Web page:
McManus criticized Superintendent Elizabeth Lolli, Treasurer Hiwot Abraha and other board members for not answering his email request for more information about the $2.5 million expense days earlier. After his sometimes heated comments, other board members asked if the vote could be postponed, with Jocelyn Rhynard eventually making a motion to do so, and the board voting 6-0 to table the matter.
JULY: Dayton schools discuss changing needs for headquarters
The district has said for the past 15 months that it will move its headquarters because the current site – the former Reynolds and Reynolds complex at 115 S. Ludlow St. — is too large for existing staff and too expensive to maintain.
Associate Superintendent Shelia Burton had said more than a year ago that the 115 Ludlow building had $1.1 million in deferred maintenance to take care of. Asked why DPS was then planning to spend more than $3 million to move, Burton said the total structural fixes at 115 Ludlow would cost “way more” than $1.1 million, and more even than the $3 million to move.
Burton said the old building would need major HVAC and elevator work among other fixes. She added the complex is still on well water and it would be “very, very expensive” to make a needed switch to connect it to the city water system.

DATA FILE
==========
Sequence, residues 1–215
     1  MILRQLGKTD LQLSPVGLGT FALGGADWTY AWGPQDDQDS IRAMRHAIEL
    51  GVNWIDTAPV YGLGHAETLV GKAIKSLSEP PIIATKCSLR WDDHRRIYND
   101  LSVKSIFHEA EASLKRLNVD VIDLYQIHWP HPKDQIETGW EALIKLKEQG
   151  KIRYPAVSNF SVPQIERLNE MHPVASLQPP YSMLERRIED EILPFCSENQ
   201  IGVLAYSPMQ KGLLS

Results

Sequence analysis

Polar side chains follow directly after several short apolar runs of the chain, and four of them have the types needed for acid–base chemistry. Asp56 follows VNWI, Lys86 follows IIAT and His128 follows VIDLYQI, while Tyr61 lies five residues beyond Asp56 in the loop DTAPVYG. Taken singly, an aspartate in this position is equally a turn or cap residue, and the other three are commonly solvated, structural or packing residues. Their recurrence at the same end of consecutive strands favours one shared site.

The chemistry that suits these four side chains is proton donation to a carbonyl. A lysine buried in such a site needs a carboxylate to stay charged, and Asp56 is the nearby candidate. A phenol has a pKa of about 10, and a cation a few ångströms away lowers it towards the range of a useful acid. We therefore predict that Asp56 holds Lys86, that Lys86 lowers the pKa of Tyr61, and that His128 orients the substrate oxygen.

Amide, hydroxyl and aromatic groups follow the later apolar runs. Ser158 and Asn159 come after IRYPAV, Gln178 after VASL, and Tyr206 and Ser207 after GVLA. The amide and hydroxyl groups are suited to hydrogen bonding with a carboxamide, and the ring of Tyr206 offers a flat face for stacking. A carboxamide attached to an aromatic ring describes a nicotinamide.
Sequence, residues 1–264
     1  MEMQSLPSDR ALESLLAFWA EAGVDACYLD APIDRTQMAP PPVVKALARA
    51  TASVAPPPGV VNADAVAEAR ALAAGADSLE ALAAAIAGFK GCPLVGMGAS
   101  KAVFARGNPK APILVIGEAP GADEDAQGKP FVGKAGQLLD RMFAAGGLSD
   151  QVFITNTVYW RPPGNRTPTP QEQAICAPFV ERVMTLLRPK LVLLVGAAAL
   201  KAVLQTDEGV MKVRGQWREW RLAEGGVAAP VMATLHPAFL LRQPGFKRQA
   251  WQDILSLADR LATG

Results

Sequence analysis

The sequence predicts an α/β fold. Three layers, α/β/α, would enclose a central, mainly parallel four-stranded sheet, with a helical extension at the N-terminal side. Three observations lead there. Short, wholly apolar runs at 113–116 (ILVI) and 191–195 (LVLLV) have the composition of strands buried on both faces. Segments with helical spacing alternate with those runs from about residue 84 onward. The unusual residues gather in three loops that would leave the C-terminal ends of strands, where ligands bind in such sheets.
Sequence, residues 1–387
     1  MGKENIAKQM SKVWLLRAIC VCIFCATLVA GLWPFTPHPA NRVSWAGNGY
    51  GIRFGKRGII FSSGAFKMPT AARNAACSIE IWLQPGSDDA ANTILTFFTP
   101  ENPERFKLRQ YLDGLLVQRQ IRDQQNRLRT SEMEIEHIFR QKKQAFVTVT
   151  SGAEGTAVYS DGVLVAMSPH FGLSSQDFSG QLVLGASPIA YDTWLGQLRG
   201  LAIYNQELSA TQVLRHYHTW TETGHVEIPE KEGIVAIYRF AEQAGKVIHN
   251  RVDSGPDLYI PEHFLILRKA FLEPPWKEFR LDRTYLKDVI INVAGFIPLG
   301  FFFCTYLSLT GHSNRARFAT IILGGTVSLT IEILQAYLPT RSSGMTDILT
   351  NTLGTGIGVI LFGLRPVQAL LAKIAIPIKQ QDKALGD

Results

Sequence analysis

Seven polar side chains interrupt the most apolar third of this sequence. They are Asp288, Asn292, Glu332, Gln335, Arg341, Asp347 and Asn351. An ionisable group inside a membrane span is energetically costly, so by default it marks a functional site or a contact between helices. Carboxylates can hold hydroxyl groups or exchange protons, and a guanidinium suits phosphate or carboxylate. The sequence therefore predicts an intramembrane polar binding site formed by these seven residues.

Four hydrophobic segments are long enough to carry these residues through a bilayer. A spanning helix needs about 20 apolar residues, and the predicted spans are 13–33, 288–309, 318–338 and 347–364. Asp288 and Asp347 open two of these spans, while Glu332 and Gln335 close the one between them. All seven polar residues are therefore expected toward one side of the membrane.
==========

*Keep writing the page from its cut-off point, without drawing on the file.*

NOVEMBER: DPS central office move delayed to spring 2019
Burton said Bilbrey’s $2.5 million in work at the new site would include major heating and air-conditioning fixes that are needed. She said the cost also includes requests from the school board to carve out space for offices and to re-create a large space like the community room where the school board currently meets.
The board had already approved a few piecemeal contracts tied to the 124-136 Ludlow St. buildings — $217,062 for computer hardware and wiring, $194,000 for architectural and design services, $86,500 for exterior painting, But there had been little public comment about the total cost of the project, which would be more than $3 million even before elevator work that DPS officials said was also needed.
DPS Executive Director of Operations Rick Rayford told the school board that an aggressive timeline of getting most central office employees moved this summer, and the job totally finished by the end of September, was the reason the vote was scheduled Tuesday, rather than at the district’s next business meeting April 30.
HISTORY: How did DPS get to this point on underused buildings?
Rayford added that Bilbrey Construction was ready to start work soon, but if the board delayed its vote until the end of the month, it was possible that the company would move other jobs ahead of the DPS project, possibly costing more than just those three weeks.
Asked whether either Ludlow building was up for sale as McManus had suggested, board member Mohamed Al-Hamdani said the district had done some research on a possible sale, but added there is no offer on the table regarding either building.